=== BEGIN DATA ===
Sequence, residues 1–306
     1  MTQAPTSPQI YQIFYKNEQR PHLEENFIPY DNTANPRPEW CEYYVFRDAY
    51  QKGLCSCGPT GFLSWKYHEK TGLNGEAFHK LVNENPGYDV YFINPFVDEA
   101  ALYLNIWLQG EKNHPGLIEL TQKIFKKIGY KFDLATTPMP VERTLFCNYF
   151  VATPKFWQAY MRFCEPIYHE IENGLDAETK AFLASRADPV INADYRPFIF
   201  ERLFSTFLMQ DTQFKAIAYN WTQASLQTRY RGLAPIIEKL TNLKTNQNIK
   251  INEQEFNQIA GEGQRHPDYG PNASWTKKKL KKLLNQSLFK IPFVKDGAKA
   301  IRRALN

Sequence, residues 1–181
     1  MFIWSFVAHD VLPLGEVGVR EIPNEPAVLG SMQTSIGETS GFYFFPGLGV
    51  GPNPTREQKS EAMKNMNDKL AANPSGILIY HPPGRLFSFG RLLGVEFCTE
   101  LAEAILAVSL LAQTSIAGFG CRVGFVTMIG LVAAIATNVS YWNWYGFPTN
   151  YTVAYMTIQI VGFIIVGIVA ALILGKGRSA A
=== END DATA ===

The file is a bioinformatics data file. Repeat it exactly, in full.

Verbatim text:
Sequence, residues 1–306
     1  MTQAPTSPQI YQIFYKNEQR PHLEENFIPY DNTANPRPEW CEYYVFRDAY
    51  QKGLCSCGPT GFLSWKYHEK TGLNGEAFHK LVNENPGYDV YFINPFVDEA
   101  ALYLNIWLQG EKNHPGLIEL TQKIFKKIGY KFDLATTPMP VERTLFCNYF
   151  VATPKFWQAY MRFCEPIYHE IENGLDAETK AFLASRADPV INADYRPFIF
   201  ERLFSTFLMQ DTQFKAIAYN WTQASLQTRY RGLAPIIEKL TNLKTNQNIK
   251  INEQEFNQIA GEGQRHPDYG PNASWTKKKL KKLLNQSLFK IPFVKDGAKA
   301  IRRALN

Sequence, residues 1–181
     1  MFIWSFVAHD VLPLGEVGVR EIPNEPAVLG SMQTSIGETS GFYFFPGLGV
    51  GPNPTREQKS EAMKNMNDKL AANPSGILIY HPPGRLFSFG RLLGVEFCTE
   101  LAEAILAVSL LAQTSIAGFG CRVGFVTMIG LVAAIATNVS YWNWYGFPTN
   151  YTVAYMTIQI VGFIIVGIVA ALILGKGRSA A